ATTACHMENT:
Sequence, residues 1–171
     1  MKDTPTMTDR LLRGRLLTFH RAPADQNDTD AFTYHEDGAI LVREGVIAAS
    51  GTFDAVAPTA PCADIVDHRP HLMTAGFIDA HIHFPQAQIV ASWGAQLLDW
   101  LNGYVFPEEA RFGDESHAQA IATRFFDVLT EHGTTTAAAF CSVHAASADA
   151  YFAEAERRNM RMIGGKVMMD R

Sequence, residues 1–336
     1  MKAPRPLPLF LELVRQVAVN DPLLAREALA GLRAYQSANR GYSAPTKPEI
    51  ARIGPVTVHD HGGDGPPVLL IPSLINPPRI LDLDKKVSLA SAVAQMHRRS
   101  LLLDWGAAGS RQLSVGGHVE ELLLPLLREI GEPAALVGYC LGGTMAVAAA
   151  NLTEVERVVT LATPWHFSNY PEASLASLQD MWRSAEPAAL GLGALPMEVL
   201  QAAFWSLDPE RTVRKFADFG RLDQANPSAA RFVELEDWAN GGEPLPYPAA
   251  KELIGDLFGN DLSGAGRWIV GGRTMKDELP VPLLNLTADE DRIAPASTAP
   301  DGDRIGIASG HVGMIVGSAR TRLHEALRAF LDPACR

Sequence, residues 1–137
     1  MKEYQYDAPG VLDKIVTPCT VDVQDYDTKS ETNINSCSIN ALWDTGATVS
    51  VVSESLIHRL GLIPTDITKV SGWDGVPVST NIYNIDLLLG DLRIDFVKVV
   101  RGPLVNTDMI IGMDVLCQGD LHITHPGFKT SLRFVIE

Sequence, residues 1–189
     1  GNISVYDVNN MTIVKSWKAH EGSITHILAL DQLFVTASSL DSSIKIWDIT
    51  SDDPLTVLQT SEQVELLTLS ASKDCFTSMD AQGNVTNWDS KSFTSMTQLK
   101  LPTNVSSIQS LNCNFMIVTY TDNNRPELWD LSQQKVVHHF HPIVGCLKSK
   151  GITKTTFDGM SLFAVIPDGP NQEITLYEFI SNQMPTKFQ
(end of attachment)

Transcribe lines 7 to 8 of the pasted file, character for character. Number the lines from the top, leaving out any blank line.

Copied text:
     1  MKAPRPLPLF LELVRQVAVN DPLLAREALA GLRAYQSANR GYSAPTKPEI
    51  ARIGPVTVHD HGGDGPPVLL IPSLINPPRI LDLDKKVSLA SAVAQMHRRS